16. According to Garza's account, he was misled by the police. Garza was reportedly in Mexico visiting his family when he found out that the Brownsville police wanted to talk to him in person. He agreed to return to the U.S., but claimed to have an understanding with police that he would cooperate in exchange for a shorter sentence. His family told him not to go see the police since they believed he was going to be arrested, which turned out to be the case. [25]
  17. According to police reports, Olivarez listed his address as 104 Dew St., in southern Brownsville. The police had tips that he frequented that neighborhood. However, the man living at this address stated on May 7, 1994, that Olivarez did not live there and that he had left for Mexico. [43]
  18. Ultimately, the decision to extradite him depended on the President of Mexico. However, the decision was viewed as highly improbable because Mexico had never extradited a criminal to the U.S. at that time. [49] There was also distrust with U.S. prosecutors after a Guadalajara doctor accused of murder was kidnapped by U.S. federal agents to face trial in the U.S. in 1990. [49] [50]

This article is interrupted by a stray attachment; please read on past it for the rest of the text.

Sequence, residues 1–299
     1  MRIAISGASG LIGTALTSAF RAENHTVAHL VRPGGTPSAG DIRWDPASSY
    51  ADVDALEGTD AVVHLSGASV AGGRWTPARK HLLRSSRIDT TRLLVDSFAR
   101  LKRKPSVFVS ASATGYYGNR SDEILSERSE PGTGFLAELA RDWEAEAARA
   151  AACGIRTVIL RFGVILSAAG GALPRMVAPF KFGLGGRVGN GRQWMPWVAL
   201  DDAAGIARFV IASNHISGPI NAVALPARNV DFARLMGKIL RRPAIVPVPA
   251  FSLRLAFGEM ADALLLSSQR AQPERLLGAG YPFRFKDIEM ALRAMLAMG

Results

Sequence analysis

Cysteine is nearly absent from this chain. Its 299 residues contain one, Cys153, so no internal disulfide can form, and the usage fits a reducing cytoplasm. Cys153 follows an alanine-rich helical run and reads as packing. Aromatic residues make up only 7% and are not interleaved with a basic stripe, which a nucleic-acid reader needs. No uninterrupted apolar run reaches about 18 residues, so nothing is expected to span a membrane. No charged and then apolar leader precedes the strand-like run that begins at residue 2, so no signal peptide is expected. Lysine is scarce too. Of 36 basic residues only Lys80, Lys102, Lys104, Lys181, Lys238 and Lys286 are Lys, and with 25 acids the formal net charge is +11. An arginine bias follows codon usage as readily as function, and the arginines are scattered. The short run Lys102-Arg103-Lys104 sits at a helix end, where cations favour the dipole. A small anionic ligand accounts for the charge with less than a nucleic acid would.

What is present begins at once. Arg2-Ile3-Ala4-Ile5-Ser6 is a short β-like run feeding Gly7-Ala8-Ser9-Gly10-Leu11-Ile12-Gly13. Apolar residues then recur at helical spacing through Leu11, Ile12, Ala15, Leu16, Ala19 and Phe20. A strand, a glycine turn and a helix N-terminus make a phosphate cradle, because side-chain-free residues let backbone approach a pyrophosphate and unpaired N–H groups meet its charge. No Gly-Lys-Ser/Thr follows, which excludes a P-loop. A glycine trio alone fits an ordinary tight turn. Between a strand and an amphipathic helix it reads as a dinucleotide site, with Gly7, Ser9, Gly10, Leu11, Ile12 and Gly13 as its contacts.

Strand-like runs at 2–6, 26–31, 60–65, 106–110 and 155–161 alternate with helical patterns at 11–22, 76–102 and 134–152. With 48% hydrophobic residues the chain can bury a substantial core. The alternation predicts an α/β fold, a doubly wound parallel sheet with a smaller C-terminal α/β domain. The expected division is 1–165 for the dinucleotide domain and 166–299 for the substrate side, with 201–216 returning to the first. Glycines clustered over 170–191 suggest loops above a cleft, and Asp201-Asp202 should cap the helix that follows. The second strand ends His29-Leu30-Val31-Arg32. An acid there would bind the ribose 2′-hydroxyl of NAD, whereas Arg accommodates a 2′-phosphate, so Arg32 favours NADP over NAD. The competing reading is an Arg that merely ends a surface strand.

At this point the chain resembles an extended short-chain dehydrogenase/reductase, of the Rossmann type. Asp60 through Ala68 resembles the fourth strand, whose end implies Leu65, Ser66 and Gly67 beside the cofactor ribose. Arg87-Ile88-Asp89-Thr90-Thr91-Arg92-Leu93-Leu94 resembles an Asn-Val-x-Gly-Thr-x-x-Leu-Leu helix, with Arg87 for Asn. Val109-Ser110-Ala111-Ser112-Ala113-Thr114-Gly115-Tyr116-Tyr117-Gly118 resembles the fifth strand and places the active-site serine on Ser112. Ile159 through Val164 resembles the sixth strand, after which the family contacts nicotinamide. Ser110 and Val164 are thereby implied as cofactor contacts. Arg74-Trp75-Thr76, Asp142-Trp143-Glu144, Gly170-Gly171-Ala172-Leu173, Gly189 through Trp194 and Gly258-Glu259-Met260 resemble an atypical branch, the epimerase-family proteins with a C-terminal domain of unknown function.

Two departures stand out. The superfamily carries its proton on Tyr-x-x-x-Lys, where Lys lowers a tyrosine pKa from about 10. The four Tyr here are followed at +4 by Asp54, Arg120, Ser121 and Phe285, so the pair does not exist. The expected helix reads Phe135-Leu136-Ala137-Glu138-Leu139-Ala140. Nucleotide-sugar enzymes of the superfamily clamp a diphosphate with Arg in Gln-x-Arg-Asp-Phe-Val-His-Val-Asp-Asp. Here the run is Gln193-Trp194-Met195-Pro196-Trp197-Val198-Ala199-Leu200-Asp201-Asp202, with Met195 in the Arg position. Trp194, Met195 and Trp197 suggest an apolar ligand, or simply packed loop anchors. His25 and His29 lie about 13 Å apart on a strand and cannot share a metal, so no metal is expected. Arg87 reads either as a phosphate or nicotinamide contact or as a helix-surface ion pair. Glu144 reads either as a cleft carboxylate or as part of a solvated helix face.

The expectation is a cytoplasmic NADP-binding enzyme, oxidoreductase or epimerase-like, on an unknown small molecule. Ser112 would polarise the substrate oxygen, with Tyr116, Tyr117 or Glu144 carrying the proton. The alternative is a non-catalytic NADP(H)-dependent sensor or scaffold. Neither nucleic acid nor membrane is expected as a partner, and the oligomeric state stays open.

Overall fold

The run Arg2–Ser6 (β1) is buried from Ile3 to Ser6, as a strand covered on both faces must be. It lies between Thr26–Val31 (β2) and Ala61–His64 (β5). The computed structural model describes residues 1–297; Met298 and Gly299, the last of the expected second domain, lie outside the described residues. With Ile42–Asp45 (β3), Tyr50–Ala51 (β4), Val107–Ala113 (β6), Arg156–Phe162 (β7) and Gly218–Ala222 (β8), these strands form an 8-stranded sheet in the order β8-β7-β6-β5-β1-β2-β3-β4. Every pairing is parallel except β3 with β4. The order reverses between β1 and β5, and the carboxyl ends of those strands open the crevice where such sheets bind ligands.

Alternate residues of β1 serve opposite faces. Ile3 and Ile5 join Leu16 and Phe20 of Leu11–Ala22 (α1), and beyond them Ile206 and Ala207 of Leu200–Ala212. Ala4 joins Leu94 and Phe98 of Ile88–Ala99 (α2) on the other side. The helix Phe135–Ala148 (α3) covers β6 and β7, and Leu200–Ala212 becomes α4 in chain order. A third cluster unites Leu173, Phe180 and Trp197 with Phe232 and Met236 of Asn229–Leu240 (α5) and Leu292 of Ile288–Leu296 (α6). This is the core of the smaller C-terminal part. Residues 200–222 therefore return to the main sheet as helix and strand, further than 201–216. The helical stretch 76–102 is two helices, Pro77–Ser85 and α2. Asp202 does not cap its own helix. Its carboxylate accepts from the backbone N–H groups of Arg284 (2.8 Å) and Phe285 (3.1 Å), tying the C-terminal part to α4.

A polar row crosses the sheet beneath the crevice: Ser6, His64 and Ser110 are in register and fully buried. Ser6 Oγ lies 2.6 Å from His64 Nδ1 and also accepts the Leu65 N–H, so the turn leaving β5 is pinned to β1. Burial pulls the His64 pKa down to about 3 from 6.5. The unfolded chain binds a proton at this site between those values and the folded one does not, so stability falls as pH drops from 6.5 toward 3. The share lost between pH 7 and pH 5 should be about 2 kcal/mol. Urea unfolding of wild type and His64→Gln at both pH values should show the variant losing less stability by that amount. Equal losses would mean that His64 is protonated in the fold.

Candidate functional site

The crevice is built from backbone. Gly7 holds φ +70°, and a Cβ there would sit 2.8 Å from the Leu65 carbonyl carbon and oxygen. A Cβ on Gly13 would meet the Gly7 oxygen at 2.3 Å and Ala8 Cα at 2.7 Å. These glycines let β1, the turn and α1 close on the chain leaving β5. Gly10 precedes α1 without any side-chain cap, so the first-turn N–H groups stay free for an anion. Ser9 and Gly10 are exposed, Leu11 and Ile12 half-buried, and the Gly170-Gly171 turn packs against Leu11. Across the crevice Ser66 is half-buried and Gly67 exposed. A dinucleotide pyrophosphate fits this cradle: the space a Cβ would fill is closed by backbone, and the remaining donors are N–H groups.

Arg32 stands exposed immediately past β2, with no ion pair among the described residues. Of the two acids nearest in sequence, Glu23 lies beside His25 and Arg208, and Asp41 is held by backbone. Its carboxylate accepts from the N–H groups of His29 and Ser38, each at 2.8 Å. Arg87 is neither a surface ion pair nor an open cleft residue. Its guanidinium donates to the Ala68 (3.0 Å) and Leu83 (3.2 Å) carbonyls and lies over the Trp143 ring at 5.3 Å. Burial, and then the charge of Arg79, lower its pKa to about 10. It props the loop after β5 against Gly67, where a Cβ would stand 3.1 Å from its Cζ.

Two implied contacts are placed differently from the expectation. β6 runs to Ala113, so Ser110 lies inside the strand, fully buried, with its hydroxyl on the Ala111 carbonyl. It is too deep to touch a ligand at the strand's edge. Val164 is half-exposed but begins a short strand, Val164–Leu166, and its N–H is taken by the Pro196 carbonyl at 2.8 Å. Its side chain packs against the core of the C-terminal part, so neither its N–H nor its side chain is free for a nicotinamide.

19. Another source two months before inadvertently stated that Olivarez was no longer in custody. [82]
  20. Another source stated that it was unclear if the withdrawal was made on March 2 or 3 since it was difficult to determine the employee's handwriting. [34]

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<span class="mw-page-title-main">Juan Garza</span> American murderer and drug trafficker